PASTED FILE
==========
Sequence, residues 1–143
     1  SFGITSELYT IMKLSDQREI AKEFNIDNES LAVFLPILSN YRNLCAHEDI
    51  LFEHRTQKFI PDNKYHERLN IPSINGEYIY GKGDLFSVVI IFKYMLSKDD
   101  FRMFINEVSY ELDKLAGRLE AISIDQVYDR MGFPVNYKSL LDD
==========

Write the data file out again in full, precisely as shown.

Sequence, residues 1–143
     1  SFGITSELYT IMKLSDQREI AKEFNIDNES LAVFLPILSN YRNLCAHEDI
    51  LFEHRTQKFI PDNKYHERLN IPSINGEYIY GKGDLFSVVI IFKYMLSKDD
   101  FRMFINEVSY ELDKLAGRLE AISIDQVYDR MGFPVNYKSL LDD